If installing a DC system, provide a grounding electrode system per 250.166 with a grounding electrode conductor per 250.64. A common DC grounding-electrode conductor can serve multiple inverters with the common grounding electrode and the tap conductors sized per 250.166. A splice or joint is not allowed in the common grounding electrode conductor [250.47(B)].
PV systems with DC modules having no direct connection between the DC grounded conductor and the AC grounded conductor must be bonded to the AC grounding system by one of the
methods listed in 690.47(C)(1), (2), or (3). This set of requirements is new, with the 2011 NEC:
Install bonding jumpers around equipment so that you maintain the bonding continuity if the equipment is removed [690.48 and 690.49]. This applies to exposed conducting surfaces of PV equipment and to the PV system grounded conductor.
Apply a permanent label at the PV DC disconnect indicating [690.53]:
For interactive systems, the point of interconnection of the PV system power source to other sources must be marked at an accessible location at the disconnect as a power source and with the rated AC output current and nominal operating AC voltage [690.54].
Any building or structure with a standalone PV system not connected to a utility service source must have a permanent plaque on the exterior of the building or structure, at a readily visible location. It must indicate the location of the standalone PV system disconnect and that the structure contains a standalone electrical power system [690.56(A)].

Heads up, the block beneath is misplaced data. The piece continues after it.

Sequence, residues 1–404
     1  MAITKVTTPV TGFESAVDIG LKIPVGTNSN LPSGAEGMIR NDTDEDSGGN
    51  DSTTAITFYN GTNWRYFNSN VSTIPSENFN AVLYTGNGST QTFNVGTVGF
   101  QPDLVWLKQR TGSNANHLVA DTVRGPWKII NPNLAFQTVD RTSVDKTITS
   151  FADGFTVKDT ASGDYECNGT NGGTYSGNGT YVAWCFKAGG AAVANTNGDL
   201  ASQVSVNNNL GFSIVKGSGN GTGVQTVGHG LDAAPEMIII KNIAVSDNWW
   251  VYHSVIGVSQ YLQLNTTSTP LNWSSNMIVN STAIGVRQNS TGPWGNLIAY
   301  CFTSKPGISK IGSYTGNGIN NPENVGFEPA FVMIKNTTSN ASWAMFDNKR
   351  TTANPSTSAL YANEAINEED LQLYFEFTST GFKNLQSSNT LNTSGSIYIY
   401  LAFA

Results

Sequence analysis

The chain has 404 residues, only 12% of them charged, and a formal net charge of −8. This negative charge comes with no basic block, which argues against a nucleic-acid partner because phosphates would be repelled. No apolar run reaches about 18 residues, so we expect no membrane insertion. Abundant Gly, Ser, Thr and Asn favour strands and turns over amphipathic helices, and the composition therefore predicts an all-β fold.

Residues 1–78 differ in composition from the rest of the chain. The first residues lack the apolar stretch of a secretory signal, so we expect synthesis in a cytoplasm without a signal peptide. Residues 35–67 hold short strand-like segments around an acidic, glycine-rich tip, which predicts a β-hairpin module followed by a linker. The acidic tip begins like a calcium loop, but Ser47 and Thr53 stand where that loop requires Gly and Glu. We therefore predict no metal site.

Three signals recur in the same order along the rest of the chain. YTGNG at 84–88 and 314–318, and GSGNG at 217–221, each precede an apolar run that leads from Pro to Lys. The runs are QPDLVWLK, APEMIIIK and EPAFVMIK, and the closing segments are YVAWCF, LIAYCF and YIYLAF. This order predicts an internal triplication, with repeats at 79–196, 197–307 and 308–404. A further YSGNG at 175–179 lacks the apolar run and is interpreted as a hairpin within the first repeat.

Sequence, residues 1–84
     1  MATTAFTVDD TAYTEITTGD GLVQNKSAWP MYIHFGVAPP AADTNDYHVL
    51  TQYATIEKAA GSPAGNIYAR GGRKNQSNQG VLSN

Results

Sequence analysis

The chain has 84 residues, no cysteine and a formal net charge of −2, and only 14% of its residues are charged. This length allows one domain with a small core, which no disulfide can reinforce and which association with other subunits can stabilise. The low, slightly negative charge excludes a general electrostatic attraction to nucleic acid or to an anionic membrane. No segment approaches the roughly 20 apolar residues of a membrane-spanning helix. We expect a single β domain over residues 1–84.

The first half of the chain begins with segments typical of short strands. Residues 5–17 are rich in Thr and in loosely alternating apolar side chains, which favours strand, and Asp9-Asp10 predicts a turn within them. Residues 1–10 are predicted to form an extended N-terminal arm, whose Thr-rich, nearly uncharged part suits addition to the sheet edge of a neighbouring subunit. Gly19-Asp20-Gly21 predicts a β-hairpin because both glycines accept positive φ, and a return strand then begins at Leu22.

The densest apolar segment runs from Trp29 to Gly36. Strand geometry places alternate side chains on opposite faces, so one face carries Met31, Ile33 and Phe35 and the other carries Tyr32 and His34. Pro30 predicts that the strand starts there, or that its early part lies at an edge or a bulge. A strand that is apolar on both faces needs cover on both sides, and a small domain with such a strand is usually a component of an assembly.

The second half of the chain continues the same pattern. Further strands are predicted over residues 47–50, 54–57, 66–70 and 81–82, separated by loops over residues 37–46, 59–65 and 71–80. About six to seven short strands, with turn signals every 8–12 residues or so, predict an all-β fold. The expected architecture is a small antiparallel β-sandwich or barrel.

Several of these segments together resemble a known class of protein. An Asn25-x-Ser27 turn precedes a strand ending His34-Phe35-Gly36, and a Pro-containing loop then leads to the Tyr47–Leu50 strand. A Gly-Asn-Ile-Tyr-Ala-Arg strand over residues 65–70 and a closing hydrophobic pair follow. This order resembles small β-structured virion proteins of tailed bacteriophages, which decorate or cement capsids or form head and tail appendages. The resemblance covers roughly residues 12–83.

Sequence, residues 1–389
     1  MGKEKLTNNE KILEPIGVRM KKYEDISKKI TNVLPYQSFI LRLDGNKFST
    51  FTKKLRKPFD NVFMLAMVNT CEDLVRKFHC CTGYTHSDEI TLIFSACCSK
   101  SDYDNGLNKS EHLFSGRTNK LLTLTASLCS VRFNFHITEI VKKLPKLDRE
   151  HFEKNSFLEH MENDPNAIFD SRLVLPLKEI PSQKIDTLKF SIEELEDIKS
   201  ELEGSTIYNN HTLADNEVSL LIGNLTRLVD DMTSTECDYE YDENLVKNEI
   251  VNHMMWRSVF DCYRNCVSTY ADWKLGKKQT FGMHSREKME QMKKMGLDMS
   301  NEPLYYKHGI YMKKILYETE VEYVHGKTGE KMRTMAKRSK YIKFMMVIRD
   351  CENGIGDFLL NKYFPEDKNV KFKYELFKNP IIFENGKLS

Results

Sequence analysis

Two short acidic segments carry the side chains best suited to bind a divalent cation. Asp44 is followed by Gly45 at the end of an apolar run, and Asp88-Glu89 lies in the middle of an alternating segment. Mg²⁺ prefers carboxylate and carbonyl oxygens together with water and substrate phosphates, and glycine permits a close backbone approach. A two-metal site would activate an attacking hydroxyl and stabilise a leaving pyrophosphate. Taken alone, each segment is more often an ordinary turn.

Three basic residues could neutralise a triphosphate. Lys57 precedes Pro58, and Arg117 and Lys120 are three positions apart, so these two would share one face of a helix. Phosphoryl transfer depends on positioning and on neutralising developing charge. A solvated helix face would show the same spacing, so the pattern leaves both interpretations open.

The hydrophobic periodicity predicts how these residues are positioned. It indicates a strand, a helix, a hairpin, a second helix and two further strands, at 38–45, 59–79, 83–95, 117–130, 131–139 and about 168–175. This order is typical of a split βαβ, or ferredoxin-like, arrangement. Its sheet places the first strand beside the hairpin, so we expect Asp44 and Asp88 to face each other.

Any structure containing both utility service and a PV system must have a permanent plaque identifying the location of the service disconnect and PV system AC disconnect (if they are not at the same location) [690.56(B)].
For interactive systems, use only inverters and AC PV modules listed as interactive [690.60]. An inverter or an AC module in an interactive PV system must automatically de-energize its output to the electrical distribution system upon loss of voltage. It must remain de-energized until the electrical distribution system voltage has been restored [690.61].
Article 705 of the NEC covers interconnected electric power production sources. There are requirements in Art. 705 that apply to solar voltaic systems.
Install storage batteries per Art. 480 [690.71(A)]. Additionally:
The production of power from solar resources is not a new concept, but it is an area of ever-changing technology and strong growth. The NEC requirements for these systems have also changed; therefore, the solar installer must keep current with the Code requirements.